Say you meter a scene in Av mode with f/5.6 selected and the camera selects 1/60 sec. If you switch to Tv mode, select 1/60 sec and meter the same scene, the camera will of course select f/5.6. But if you select 1/1000 sec as your shutter speed the camera will select f/1.4 for the same scene. But wait, your lens' maximum aperture is f/2.8! What now? If you have safety shift enabled, the camera will use f/2.8 and lower the Tv to 1/250 sec. Although this is the same exposure value as 1/60 sec @ f/5.6, the resulting photo will be very different: The depth of field will be shallower and any objects in motion will show less movement.

Especially when shooting in dimmer light at low ISO sensitivity, the number of viable options are reduced by your lens' maximum aperture. As with almost everything in photography, the more light you have available, the more options you have for how you want your photo to appear.

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You are essentially correct in a simple case. It is really simply a convenience thing, though it does make a difference when dealing with more than 2 parameters. Don't think of it in terms of what the computer is doing, but what the person is doing.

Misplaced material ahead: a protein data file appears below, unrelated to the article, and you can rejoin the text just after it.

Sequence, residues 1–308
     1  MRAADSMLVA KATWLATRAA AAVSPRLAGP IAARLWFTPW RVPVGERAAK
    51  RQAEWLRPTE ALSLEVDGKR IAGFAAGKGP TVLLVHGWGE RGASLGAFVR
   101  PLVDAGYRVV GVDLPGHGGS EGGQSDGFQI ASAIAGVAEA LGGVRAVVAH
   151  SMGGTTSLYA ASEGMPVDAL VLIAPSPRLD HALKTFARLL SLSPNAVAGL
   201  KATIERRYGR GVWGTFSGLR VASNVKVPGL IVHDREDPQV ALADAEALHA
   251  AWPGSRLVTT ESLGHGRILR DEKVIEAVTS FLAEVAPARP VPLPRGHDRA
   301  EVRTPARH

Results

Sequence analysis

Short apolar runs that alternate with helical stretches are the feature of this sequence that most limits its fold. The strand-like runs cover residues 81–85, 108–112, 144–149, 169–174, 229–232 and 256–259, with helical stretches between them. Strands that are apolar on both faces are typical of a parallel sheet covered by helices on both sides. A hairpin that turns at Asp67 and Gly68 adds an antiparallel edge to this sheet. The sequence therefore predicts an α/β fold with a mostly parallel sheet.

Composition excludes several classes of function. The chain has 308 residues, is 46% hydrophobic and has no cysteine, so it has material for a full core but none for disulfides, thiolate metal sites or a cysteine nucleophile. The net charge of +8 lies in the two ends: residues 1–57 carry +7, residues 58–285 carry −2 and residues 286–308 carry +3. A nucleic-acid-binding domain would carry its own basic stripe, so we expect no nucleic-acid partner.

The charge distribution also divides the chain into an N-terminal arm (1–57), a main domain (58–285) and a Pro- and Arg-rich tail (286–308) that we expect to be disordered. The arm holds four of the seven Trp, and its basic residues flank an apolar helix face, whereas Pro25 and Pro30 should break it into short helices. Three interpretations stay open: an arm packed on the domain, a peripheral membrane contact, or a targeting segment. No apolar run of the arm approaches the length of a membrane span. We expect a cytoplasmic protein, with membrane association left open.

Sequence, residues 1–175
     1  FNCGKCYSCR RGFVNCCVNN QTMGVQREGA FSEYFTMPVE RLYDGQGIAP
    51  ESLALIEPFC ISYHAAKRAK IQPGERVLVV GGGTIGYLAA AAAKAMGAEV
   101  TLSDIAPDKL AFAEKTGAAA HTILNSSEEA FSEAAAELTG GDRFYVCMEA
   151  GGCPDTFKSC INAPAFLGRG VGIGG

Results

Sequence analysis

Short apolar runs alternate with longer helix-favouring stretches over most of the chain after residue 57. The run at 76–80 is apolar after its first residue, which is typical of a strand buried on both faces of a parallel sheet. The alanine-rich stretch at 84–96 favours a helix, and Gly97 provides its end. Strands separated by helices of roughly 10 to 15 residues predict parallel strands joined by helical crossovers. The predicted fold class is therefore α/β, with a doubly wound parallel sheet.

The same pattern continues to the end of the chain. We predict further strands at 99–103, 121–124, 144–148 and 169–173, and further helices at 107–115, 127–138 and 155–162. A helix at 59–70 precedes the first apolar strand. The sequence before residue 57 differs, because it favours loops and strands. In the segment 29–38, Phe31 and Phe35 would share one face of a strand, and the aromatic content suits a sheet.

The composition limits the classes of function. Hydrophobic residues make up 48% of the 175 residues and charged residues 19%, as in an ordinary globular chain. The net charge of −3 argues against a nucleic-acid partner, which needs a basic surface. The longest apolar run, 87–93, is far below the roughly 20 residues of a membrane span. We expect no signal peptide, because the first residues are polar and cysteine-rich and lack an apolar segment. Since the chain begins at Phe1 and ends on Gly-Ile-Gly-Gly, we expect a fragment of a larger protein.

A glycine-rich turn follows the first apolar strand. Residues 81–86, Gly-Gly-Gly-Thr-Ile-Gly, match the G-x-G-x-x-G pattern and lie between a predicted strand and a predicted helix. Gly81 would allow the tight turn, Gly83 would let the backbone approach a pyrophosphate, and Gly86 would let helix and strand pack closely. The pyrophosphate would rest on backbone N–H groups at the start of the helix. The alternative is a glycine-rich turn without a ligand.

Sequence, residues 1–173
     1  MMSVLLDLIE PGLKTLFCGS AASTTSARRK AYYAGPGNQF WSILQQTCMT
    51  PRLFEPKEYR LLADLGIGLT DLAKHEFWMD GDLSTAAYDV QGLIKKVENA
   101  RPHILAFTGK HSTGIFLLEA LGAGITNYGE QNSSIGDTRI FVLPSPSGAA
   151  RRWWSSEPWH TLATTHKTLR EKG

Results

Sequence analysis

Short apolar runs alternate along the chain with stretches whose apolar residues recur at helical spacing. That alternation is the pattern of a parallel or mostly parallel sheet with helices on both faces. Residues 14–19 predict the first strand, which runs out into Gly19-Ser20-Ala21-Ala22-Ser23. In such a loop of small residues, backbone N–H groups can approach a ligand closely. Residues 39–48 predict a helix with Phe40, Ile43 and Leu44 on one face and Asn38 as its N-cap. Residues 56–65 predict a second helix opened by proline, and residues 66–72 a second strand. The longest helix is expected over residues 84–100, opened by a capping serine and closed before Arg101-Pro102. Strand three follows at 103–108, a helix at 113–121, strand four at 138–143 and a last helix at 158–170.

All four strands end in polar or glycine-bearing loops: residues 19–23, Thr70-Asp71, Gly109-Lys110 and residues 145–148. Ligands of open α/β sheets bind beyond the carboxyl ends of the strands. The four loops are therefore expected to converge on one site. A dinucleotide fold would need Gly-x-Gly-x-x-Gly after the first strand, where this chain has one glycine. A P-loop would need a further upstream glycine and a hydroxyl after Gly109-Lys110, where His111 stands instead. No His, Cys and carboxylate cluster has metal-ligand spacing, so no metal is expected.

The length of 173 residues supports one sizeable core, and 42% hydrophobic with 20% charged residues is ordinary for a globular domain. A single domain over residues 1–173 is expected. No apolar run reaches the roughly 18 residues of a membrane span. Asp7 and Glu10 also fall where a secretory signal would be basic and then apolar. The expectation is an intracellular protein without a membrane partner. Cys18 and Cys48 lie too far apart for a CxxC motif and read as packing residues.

If I want to have control of the depth of field for creative reasons, I will choose Av. If I happen to have ISO set to automatic as well, then the camera will know to keep the Av at my choice, but can choose to alter the other two parameters as necessary for a good shot.

On the other hand, if I am shooting something with fast motion or where I want to capture motion as blur, then I will want control of the shutter and not care so much about the depth of field. I can then use Tv and let the camera decide on Aperture and ISO.

If I need control of both, then I can use full manual and adjust it to my needs specifically.

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So why are there two different modes or what's the difference between them?

Because trying to control aperture by setting the shutter speed and trying to predict what aperture the camera will choose is impractical. When you're taking a portrait, for example, you might want to choose a specific aperture. You can adjust the shutter speed in Tv mode until you find the aperture you want, but if the light changes a bit the camera may choose some other aperture. Av mode tells the camera to use the aperture that you've selected, no matter what.

Likewise, if you're shooting your kid's soccer game, you probably want to select very short exposures in order to stop the action, and you don't want the camera deciding to drop from 1/500 to 1/60 just because you pointed the camera in a different direction or a cloud obscured the sun, and you don't want to have to constantly fiddle with the aperture every time you compose a shot. Tv mode lets you give the shutter speed priority over aperture.